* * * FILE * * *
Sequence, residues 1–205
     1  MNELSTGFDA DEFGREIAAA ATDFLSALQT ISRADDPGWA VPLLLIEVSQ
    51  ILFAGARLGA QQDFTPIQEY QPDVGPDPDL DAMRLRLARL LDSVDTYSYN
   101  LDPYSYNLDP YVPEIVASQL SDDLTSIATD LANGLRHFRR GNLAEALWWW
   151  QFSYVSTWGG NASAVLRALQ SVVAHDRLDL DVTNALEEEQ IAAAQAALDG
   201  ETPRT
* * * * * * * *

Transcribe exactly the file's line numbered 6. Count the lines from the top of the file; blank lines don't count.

   201  ETPRT